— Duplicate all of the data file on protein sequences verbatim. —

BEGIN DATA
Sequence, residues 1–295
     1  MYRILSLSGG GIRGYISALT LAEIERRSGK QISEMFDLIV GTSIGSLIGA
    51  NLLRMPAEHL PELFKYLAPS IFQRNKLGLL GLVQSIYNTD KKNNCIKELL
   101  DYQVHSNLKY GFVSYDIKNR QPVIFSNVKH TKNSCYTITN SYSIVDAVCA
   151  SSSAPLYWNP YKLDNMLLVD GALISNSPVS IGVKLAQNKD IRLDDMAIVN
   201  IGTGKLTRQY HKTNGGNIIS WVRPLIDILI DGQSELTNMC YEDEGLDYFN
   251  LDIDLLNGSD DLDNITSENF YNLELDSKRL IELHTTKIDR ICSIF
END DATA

Sequence, residues 1–295
     1  MYRILSLSGG GIRGYISALT LAEIERRSGK QISEMFDLIV GTSIGSLIGA
    51  NLLRMPAEHL PELFKYLAPS IFQRNKLGLL GLVQSIYNTD KKNNCIKELL
   101  DYQVHSNLKY GFVSYDIKNR QPVIFSNVKH TKNSCYTITN SYSIVDAVCA
   151  SSSAPLYWNP YKLDNMLLVD GALISNSPVS IGVKLAQNKD IRLDDMAIVN
   201  IGTGKLTRQY HKTNGGNIIS WVRPLIDILI DGQSELTNMC YEDEGLDYFN
   251  LDIDLLNGSD DLDNITSENF YNLELDSKRL IELHTTKIDR ICSIF